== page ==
Elland Silver Band: Sunday Brass at the Boarshurst Band Club (May 2018)

Whit Week rounded off in style by a superb concert

In Saddleworth, Whit Friday was marred by awful weather. Though Whit Week was blessed by warm weather, its most important day bucked the trend of sunny weather. The sunniest of receptions that week were marked by the arrival of Elland Silver Band to the Boarshurst Band Club.

After a superb run on Whit Friday and their success in the British Open Championship Senior Trophy, they gave the audience a flavour of what they may have missed. Or seen before, and previously enjoyed this month in Blackpool or Dukinfield.

Elland Silver Band’s rise to the Championship Section isn’t only due to its award-winning youth band (Elland Silver Youth Band). Its Training, Starter, Beginners’, and Adult Brass bands also play a part. There is also the Red Admiral Music Academy, based on the other side of the Pennines in Mawdesley. Situated near Ormskirk it picked up the British Junior Brass Band Entertainment Championship prize. Elland Silver’s euphonium player Marija Anna Novicane ran a composition workshop for the band.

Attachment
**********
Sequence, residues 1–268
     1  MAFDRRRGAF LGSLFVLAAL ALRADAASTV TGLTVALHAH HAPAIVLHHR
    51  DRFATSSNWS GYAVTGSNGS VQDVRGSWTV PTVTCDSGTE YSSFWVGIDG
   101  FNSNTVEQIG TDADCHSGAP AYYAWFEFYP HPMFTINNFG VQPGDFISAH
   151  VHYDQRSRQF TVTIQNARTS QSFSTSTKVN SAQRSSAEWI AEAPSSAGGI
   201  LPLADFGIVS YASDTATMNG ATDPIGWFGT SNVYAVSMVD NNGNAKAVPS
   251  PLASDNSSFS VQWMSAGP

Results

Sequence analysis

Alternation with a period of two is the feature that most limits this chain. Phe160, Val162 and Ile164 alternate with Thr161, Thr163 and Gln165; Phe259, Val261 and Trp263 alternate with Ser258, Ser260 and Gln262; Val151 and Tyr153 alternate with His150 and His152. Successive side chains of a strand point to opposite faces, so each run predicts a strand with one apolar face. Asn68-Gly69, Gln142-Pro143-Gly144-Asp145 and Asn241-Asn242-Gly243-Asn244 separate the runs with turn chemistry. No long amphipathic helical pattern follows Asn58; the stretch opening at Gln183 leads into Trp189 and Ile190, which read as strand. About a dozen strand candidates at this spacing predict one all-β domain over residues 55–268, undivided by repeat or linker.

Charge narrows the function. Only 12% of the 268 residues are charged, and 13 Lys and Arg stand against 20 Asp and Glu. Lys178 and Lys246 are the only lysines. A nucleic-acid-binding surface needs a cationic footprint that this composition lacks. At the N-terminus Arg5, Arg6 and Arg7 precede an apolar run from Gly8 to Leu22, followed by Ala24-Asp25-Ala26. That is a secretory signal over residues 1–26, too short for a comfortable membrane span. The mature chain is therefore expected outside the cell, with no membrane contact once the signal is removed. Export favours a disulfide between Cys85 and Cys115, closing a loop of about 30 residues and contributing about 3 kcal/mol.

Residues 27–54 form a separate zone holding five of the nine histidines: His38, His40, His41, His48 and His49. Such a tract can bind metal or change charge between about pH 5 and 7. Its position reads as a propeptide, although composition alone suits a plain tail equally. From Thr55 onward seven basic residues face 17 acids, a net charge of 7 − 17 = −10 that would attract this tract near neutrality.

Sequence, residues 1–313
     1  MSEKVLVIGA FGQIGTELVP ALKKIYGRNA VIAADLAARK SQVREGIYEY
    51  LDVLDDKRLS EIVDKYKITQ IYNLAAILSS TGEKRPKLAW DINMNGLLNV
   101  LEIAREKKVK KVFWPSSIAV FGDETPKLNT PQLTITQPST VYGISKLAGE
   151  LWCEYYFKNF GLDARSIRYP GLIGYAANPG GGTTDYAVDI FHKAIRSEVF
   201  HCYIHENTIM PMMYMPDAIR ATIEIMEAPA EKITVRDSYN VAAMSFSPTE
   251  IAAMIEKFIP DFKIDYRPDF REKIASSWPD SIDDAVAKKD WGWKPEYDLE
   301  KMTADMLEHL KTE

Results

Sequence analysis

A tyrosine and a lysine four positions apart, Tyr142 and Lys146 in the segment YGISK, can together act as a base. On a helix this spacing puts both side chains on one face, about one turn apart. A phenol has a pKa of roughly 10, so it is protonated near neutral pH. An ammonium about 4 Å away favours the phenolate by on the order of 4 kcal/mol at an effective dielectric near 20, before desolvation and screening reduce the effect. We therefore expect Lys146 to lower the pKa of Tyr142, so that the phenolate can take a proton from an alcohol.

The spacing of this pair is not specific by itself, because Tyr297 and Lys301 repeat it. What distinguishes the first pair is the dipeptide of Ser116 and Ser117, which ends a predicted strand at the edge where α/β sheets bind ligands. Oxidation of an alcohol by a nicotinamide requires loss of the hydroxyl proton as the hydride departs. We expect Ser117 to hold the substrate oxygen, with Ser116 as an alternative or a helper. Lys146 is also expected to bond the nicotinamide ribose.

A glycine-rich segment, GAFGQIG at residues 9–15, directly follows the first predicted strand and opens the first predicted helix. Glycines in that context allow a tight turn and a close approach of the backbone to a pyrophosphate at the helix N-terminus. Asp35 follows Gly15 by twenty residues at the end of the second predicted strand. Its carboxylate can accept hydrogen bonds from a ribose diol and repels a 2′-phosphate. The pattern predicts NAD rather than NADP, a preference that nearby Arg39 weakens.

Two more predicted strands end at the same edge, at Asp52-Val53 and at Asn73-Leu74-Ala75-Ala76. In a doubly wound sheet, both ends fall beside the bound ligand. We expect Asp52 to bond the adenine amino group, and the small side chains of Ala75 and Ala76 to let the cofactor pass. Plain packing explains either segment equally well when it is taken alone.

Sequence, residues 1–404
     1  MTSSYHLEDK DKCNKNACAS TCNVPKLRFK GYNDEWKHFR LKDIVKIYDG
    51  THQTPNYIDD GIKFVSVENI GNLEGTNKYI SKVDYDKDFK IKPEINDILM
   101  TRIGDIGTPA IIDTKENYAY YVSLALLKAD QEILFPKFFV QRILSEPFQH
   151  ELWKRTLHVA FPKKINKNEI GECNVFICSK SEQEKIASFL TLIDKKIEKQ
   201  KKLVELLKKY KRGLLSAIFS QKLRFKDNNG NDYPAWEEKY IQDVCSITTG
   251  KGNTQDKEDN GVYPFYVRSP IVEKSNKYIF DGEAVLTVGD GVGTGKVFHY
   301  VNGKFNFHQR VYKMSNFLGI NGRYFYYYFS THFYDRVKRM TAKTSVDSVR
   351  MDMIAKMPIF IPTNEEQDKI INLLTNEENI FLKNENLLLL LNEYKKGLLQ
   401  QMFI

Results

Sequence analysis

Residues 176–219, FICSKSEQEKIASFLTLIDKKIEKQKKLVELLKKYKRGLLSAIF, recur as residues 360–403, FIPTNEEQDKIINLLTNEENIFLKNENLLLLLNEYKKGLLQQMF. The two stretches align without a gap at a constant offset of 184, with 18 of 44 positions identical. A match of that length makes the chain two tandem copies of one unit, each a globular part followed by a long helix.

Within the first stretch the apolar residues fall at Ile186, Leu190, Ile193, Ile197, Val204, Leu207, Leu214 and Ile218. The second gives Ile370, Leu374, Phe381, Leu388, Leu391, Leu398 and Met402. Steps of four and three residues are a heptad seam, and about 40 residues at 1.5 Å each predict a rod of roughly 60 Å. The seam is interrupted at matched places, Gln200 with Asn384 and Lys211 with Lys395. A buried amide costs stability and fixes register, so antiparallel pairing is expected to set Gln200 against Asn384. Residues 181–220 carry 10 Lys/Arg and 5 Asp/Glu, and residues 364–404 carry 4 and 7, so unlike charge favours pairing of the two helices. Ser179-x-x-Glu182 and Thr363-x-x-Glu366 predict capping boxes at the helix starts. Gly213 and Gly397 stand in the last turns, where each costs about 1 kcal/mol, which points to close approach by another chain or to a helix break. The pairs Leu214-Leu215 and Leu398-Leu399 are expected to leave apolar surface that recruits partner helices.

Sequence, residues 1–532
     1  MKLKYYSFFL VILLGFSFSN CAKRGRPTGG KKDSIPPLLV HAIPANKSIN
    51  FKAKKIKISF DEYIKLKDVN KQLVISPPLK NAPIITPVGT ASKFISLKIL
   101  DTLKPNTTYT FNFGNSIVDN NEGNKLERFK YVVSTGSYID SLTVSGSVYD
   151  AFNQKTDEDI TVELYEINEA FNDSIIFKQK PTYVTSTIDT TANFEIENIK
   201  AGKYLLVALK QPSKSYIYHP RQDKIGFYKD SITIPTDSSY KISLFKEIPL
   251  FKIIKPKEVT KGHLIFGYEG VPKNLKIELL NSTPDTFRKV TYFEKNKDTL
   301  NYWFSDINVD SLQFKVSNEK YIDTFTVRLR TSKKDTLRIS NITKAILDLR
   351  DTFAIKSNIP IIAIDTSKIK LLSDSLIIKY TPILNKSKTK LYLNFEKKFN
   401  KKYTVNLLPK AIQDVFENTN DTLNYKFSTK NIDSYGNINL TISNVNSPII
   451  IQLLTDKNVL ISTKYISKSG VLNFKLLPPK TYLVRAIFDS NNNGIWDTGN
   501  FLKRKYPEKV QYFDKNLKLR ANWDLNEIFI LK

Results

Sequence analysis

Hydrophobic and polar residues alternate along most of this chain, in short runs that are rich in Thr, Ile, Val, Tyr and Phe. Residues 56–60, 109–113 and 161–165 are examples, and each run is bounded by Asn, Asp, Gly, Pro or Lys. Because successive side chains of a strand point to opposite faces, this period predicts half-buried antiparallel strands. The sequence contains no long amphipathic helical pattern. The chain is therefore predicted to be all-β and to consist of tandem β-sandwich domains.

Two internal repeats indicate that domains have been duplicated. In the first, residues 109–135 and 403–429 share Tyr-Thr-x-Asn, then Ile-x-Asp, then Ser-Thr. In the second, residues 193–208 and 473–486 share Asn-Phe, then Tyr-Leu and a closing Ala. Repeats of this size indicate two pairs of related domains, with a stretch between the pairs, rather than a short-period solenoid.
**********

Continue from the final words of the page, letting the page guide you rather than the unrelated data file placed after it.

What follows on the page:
Key to its cooperation between the white and red rose counties is Musical Director Daniel Brooks. Based in Lancashire he started playing trombone at the age of 10 for his local brass band. After gaining BMus (Hons) and MMus in Performance with Distinction, he became a well respected trombonist. On Solo Trombone his bands have included Leyland Band, YBS Band (today’s Hammonds Band), and the Brighouse and Rastrick Band.

If Daniel Brooks can make an entertaining programme of music based on the demise of the Yellow Pages, he could! As with the previous two concerts, thoroughly entertaining. Elland Silver Band’s 2018 visit to Boarshurst Band Club was a very special one. A surefire candidate for one of our favourite Sunday Brass Nights of 2018.

The Programme

First Half